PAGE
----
I would definitely follow the advice that has been placed here it sounds like you have aplan just neeeds execution
Good luck in your endeavors
As a retiree, I would follow Alexander's advise with Boots2Business. Ask your transition center about the Small Business course taught by a university, the course completion usually done by SUNY and allows you to some funds (grants) via the VA that are not otherwise available. It's a free 8 week course that helps you walk your business plan through the widgets to academically find weaknesses and strengths.
Good afternoon Darlon,
A few recs from a guy not in the beer business (except for consumption and home brewing), but interested in starting a small brew-pub post-military life.
1. See if your base holds the Boots 2 Business class. Great Business 101 stuff and there is follow-on advising.
2. I got a lot of my beer reps by volunteering and attending tastings/tours and asking questions. As that rapport builds between you and the employees, all of these great gems of information come out. Better experience than any book that I have read. Plus, you never know...you might meet your next employer or business partner.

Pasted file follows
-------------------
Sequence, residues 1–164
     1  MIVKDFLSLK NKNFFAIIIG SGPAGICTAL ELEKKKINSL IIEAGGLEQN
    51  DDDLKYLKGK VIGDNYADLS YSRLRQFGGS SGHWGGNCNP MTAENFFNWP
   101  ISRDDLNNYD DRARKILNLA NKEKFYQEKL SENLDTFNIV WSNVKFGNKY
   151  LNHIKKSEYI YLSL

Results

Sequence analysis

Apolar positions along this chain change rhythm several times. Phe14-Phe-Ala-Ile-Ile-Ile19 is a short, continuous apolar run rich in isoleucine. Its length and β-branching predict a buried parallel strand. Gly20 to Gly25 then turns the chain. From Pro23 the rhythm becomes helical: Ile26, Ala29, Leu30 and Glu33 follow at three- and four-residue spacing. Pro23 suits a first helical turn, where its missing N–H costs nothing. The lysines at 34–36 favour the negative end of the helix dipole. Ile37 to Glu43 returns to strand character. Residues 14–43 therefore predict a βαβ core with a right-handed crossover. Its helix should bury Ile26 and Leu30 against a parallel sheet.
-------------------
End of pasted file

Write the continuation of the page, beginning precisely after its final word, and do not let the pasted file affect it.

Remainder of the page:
Best of luck to you in the remainder of your military service.
Thank you for the advice! I will check out the websites you recommend for me. I have found nothing in Jacksonville yet. Just looking to help out for FREE for now. I have talked to 3 brewerys so far and they did not seem to intrested in that. But that will not stop me.
V/r Darlon B. Flint
Thank you so much for the info. I will retire at my 22 year point. Just trying to use the next 3 1/2 years to set myself up. I should have the ability to use most if not all of my retirement $ to run / set up the brewery. I will start "fundraising" and saving now for the start up $. I would love to talk business plan with you later on. Once again thank you!
V/r Darlon B Flint